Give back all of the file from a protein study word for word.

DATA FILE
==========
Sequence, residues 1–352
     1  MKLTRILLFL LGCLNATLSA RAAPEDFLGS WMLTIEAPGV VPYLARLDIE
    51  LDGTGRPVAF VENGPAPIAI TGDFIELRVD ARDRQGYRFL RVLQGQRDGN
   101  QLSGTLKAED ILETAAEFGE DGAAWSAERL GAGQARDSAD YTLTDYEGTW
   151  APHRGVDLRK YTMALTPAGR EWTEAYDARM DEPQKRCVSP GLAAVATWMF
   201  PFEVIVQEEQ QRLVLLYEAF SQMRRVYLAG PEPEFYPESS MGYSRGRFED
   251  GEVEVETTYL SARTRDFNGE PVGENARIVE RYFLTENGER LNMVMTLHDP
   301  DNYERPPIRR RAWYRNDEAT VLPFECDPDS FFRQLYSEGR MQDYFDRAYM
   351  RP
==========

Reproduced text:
Sequence, residues 1–352
     1  MKLTRILLFL LGCLNATLSA RAAPEDFLGS WMLTIEAPGV VPYLARLDIE
    51  LDGTGRPVAF VENGPAPIAI TGDFIELRVD ARDRQGYRFL RVLQGQRDGN
   101  QLSGTLKAED ILETAAEFGE DGAAWSAERL GAGQARDSAD YTLTDYEGTW
   151  APHRGVDLRK YTMALTPAGR EWTEAYDARM DEPQKRCVSP GLAAVATWMF
   201  PFEVIVQEEQ QRLVLLYEAF SQMRRVYLAG PEPEFYPESS MGYSRGRFED
   251  GEVEVETTYL SARTRDFNGE PVGENARIVE RYFLTENGER LNMVMTLHDP
   301  DNYERPPIRR RAWYRNDEAT VLPFECDPDS FFRQLYSEGR MQDYFDRAYM
   351  RP